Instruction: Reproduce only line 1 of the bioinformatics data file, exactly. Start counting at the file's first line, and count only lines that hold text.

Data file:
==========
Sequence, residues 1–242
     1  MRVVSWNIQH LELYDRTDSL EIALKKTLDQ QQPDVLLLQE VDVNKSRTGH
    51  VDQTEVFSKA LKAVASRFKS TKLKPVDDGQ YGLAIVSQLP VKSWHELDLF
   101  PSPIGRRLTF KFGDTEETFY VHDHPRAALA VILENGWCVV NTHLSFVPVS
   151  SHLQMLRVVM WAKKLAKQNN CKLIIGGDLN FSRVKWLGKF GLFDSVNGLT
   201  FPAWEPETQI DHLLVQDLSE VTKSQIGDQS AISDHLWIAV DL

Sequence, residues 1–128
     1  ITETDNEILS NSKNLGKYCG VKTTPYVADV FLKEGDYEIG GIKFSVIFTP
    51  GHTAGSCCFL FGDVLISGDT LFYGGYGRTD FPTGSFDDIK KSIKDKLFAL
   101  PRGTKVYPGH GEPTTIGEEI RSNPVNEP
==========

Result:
Sequence, residues 1–242